BluegillThe short answer why bluegill are important—they’re the backbone of the food chain. If they don’t abound, sportfish like bass and channel catfish won’t thrive.

Our friend Steven Smith at the Noble Foundation explains bluegill reproduce at incredible rates. They may spawn three or more times per season and lay 2,300 to 81,000 eggs per cycle depending on the maturity of the female. Bluegill may begin reproducing at approximately thee-inches. They spawn when water temperatures reach 67 to 89, but prefer 72 to 79. Spawning beds may be found in one to five-foot depths. Males construct nests by forming a circular depression four to 24-inches wide and two to six inches deep. Sandy or gravel areas are preferred sites. The male attracts females by swimming in a circular motion and making grunting sounds. Bluegill are colony spawners. You may see up to 50 beds in one site.

Fry hatch within three to four-days, depending on water temperature. Survival rates are contingent on safe habitat and above-mentioned food sources produced by fertilization. Bluegill experience rapid growth the first three-years. Development slows at maturity. Life expectancy is four to six years, however, some have lived almost 11-years.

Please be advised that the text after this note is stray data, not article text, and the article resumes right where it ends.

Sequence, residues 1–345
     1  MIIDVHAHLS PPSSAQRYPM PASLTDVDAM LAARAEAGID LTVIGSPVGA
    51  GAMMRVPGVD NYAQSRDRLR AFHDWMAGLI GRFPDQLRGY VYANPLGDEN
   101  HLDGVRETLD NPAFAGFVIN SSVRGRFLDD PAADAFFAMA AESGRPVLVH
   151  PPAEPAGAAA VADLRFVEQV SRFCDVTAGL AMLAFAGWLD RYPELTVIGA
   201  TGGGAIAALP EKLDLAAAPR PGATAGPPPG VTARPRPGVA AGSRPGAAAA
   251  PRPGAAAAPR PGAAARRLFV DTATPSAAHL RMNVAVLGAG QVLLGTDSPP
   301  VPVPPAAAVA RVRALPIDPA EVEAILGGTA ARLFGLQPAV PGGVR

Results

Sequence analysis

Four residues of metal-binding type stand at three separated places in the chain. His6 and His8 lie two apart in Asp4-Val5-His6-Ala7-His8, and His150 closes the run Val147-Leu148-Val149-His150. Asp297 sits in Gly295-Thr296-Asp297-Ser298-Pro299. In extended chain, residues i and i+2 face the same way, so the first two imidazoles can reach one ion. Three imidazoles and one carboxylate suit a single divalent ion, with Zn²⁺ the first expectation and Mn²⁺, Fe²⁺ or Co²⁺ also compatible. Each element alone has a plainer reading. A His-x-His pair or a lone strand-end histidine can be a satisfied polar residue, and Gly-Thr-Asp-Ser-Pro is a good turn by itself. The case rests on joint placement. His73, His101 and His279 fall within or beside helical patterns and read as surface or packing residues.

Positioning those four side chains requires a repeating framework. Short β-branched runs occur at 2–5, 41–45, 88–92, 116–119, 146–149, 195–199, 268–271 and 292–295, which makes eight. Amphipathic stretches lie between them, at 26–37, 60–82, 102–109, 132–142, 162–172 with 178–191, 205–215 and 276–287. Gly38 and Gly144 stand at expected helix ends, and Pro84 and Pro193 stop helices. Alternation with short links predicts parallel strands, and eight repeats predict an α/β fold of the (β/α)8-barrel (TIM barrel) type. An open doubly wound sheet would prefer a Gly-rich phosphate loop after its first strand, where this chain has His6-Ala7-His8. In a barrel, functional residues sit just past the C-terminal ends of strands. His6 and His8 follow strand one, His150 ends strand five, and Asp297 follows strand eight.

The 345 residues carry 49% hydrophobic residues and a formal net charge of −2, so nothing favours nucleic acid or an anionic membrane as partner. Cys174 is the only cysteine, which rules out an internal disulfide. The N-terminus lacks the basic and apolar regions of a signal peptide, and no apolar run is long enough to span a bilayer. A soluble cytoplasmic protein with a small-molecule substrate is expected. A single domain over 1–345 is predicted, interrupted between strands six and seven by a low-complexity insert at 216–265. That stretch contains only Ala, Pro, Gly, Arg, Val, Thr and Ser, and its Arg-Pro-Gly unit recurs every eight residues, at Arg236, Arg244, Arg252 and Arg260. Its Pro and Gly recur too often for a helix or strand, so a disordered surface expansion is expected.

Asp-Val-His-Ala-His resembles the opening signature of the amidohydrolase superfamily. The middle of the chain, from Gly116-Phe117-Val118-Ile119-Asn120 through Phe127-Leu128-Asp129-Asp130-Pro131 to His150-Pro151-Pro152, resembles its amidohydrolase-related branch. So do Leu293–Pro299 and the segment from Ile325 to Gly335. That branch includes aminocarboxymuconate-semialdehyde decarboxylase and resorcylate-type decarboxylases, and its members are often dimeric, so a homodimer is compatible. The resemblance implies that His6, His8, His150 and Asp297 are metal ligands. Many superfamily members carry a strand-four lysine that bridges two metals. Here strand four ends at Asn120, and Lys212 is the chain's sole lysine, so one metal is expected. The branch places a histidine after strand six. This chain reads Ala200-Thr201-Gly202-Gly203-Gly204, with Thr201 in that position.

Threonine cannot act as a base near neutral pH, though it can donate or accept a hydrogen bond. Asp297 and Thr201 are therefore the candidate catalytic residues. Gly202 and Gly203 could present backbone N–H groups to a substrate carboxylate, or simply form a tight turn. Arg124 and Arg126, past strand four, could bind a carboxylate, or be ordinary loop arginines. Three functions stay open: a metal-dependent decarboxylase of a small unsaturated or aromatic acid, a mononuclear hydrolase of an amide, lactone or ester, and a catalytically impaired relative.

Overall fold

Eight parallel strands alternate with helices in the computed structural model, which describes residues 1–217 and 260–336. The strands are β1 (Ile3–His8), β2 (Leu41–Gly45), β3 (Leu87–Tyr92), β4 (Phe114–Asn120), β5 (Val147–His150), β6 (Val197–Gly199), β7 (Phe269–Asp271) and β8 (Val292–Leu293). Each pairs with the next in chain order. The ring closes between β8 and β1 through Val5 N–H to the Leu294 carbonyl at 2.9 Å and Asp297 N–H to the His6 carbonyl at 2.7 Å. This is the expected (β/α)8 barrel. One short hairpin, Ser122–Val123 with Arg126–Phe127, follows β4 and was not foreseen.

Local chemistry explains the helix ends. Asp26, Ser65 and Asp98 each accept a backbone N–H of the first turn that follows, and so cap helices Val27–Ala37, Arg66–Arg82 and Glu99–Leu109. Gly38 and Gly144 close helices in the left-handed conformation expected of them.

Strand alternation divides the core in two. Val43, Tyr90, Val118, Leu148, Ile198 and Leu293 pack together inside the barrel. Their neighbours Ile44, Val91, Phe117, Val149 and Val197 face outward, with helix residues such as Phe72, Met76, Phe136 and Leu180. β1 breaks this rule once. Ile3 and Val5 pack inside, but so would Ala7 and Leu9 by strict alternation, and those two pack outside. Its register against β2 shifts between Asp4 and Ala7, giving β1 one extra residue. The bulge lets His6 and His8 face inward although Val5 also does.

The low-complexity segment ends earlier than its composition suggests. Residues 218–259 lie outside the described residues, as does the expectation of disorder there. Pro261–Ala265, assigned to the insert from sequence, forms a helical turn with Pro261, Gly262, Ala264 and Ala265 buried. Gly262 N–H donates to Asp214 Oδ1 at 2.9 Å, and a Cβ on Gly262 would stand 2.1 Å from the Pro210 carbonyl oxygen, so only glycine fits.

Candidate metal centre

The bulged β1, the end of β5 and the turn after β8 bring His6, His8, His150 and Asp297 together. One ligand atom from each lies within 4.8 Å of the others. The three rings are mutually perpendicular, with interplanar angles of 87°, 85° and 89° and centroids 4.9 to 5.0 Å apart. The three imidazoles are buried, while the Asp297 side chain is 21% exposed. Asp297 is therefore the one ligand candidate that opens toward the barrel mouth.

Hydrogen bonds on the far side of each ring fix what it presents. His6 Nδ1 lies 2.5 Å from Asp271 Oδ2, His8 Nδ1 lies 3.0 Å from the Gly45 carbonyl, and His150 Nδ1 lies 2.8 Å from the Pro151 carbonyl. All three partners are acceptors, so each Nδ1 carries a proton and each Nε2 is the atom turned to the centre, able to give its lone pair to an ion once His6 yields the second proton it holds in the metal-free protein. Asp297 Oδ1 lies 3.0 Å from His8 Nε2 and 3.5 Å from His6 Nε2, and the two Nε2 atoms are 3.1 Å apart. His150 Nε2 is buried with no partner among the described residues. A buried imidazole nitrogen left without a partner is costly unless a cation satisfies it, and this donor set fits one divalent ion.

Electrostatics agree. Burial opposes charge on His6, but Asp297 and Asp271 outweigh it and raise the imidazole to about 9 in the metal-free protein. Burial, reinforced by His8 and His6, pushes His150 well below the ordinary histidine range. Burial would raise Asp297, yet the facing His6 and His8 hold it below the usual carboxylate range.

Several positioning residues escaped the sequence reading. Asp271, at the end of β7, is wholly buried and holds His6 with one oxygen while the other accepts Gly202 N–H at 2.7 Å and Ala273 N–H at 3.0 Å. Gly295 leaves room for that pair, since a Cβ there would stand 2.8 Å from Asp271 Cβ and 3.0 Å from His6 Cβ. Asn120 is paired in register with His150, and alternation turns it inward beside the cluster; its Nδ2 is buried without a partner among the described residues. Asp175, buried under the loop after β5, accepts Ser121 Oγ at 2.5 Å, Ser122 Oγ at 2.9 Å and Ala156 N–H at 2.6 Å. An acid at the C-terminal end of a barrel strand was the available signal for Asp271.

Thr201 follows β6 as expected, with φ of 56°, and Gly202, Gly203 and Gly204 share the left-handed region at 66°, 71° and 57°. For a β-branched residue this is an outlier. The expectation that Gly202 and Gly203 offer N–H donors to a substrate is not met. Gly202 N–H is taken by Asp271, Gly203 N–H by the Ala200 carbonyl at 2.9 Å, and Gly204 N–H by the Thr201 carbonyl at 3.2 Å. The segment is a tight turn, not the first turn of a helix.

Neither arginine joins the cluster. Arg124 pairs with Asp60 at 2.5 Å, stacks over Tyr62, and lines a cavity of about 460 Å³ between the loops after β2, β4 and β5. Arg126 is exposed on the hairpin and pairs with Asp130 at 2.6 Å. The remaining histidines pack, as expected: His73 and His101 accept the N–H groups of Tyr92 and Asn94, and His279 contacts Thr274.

We get calls from folks wanting to feed mature bass or catfish “minnows”. Mature fish need big meals. Minnows are not economically efficient forage supplements. Ten pounds of minnows cost $100 and may be consumed in days. That same $100 would buy you approximately 65 adult bluegill that are baitfish factories for years.